There are two thoughts from this passage that I would like to share. First, I appreciate these men who took great risks to express their love and devotion to their king. David was their leader, and he was the one whom God had chosen to be the king. And he was a good king. He loved his people, and served right alongside of his men. Our King is the Lord Jesus Christ, and we ought to be willing to do anything to please Him. But, we also ought to get better at expressing our appreciation for the people who are important to us. During this COVID-19 pandemic, many are finding creative ways to express their thanks to all of the necessary workers, especially those health care workers who are at the highest risk of contracting the virus. It is interesting that Jesus actually used the illustration of giving a cup of cold water as being deserving of a reward (See Matthew 10:42).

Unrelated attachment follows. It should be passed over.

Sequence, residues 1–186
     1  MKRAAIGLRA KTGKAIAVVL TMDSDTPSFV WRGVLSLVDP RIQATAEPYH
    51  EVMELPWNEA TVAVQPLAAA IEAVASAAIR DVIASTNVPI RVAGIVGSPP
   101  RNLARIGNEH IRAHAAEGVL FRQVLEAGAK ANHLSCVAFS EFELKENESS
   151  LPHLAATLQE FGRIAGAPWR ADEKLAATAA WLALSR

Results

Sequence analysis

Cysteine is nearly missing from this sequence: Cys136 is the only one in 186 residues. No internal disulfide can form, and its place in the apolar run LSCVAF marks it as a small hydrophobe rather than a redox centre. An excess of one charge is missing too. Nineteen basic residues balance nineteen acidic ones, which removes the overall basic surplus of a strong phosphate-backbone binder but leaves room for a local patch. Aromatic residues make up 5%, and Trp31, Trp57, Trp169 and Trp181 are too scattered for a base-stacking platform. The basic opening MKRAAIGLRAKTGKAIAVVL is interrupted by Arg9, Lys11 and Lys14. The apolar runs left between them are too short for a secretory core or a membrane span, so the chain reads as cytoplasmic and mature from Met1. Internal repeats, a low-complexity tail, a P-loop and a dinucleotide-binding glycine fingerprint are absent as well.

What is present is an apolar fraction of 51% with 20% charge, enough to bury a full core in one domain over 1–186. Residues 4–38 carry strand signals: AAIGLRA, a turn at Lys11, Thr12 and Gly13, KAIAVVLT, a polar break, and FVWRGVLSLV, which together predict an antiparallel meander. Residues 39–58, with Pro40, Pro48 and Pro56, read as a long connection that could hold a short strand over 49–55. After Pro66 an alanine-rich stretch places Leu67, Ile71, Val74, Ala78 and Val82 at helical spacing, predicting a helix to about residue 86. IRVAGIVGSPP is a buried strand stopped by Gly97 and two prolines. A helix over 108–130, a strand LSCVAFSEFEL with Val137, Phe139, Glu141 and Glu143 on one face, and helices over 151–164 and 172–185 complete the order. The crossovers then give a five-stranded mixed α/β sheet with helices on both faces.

My second thought concerns David’s reluctance to take the gift. There are many leaders of men who would have selfishly demanded a lot more than just a drink of water. They see themselves as better than other men, deserving of more honor. They expect others to serve them, but are reluctant to be “servant leaders” themselves. David didn’t see himself this way. He considered himself completely unworthy of all that God had done for him. You and I are completely unworthy of all of the blessings that God has bestowed upon us as well.


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Too Big For His Britches

Today’s Reading – 1 Chronicles 9 – 10 (Click on the references to listen to the audio – Click here to view the passage from Blue Letter Bible)

(Second Milers Read – John 9 – 10; Psalm 41 – 45; Proverbs 9)

Listen to this morning’s Scripture song – Psalm 34:6

Read the “0509 Evening and Morning” devotion for today, by the late Charles Haddon Spurgeon

Read a previous post from this passage – “Who are the Nethinims?